As we saw in Part 5 the Lilacs made somewhat of a comeback in 1939 – but time , wars and history moved on, things , people places and visions became blurred and Lorain lost her title of the City of Lilacs – but there are remnants left and
In August of 2007 Settlers’ Watch was dedicated
and the garden holds some special Lilacs
Photo Lisa Miller
one of which was planted by Bryan Goldthorpe – the Manager of Lorain County Metro Parks Lakeview Park ( caretaker extraordinaire of the very fountain and gardens ( and Lilacs???) the great-grandson of Mayor Paul Goldthorpe of the Lilac City who along with Bryan’s grandfather met the Lilac Train……….
The End of the Lilacs?????? - up to you – Lorain You can see the Trains and Trees display and the Charleston Village “Lilac” Tree here
And so it started – the next May 1931 -found the City of Lorain proclaimed City of Lilacs, contests were held for artwork, songs, competitions for the best lilacs , Queen of the Lilacs – both floral and in human kind, Lilac courts . In fact the Lorain Journal now ran the fact Lorain was the City of Lilacs across the front page of its paper
It was certainly Lilac Time in Lorain-as Mayor Paul Goldthorpe so proclaimed
That first year Mrs. C.E Kent of 1601 9th Street and her lilacs were proclaimed the finest in Lorain- Unfortunately I can no longer find the address 1601 9th street or for that matter 1310 the winner of the poster gone with the way of the Lilacs one would presume.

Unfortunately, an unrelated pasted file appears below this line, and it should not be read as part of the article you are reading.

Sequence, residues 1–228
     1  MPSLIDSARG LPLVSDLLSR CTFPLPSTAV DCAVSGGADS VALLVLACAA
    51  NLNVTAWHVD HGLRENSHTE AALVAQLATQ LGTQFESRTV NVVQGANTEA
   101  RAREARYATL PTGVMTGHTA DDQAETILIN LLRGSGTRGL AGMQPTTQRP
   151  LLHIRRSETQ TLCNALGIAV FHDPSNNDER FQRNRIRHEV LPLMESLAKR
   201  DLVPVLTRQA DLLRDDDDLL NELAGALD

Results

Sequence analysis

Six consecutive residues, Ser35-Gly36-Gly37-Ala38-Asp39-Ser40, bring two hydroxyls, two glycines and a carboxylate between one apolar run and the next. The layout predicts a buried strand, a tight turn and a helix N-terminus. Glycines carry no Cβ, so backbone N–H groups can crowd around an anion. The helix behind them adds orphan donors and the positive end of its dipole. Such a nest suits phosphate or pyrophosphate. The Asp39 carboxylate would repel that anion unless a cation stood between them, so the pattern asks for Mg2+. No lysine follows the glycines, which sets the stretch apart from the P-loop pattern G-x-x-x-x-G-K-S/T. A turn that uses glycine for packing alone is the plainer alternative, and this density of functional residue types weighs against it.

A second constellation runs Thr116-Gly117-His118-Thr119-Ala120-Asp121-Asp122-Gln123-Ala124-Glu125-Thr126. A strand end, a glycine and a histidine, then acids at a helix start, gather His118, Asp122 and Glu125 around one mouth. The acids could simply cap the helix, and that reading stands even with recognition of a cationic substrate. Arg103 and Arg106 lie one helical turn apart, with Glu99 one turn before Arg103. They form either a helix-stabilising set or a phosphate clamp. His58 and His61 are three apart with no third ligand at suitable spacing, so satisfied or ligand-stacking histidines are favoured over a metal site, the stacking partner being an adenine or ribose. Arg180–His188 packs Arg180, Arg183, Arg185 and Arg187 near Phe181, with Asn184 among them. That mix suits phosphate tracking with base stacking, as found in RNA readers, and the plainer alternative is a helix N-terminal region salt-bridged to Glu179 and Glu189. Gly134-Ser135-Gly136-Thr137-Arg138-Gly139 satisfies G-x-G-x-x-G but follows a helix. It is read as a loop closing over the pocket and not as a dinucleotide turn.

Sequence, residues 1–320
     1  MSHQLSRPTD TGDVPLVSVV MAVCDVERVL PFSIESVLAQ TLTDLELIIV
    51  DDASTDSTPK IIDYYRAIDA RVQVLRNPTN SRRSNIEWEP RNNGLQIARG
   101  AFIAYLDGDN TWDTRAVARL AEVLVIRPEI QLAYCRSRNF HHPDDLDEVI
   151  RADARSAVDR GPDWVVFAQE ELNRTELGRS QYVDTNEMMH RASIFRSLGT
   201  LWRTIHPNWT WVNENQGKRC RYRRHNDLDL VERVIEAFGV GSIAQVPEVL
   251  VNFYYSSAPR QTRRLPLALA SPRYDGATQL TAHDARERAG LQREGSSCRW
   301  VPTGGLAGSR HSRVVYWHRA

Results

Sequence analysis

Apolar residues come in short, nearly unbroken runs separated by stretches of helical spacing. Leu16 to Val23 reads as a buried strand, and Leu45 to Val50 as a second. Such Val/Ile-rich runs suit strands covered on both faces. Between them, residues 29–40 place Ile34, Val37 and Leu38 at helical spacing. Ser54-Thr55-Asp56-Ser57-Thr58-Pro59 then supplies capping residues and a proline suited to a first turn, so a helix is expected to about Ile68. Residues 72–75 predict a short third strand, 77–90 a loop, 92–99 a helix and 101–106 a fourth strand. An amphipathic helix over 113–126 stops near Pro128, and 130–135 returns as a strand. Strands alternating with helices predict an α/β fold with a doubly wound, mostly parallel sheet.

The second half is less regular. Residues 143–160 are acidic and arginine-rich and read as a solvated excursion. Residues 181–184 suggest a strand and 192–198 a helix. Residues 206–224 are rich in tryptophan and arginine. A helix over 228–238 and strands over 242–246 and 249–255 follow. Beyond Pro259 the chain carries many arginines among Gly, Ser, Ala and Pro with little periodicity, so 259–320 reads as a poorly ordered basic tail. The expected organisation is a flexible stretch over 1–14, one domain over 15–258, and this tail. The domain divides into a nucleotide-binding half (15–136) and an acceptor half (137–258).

You see , what was at first the saving of Lorain by Lilacs, pronounced international and national recognition due to Lilacs, faded like the Lilacs of July.
What started with so much anticipation slowly died a death- by 1935 no longer was the Lorain Journal proclaiming Lorain the Lilac City on its banner, the event came to be “Bi-annual” – In 1939 The Pittsburgh Press announced :
Possiby the winds of war or at least Lilac apathy may have paid a part in the loss of the Lilacs- at least the festival, if held, no longer made the Lorain Journal with the vim and vigour of past festivals . At one time roses substituted for the event. Once again Lorain reinvented herself or tried to. About the same time a town LOMBARD , ILLINOIS also decided upon the Lilacs as a theme
Since 1930, Lombard has hosted an annual Lilac Festival and parade in May. “Lilac Time in Lombard,” is a 16-day festival ending in mid-May. It starts with the Lilac Queen coronation and her court. Many lilac themed events take place, including concerts, a Mothers’ Day Brunch, an arts and crafts fair, and tours of the park. The grand finale is Lombard’s Lilac Festival Parade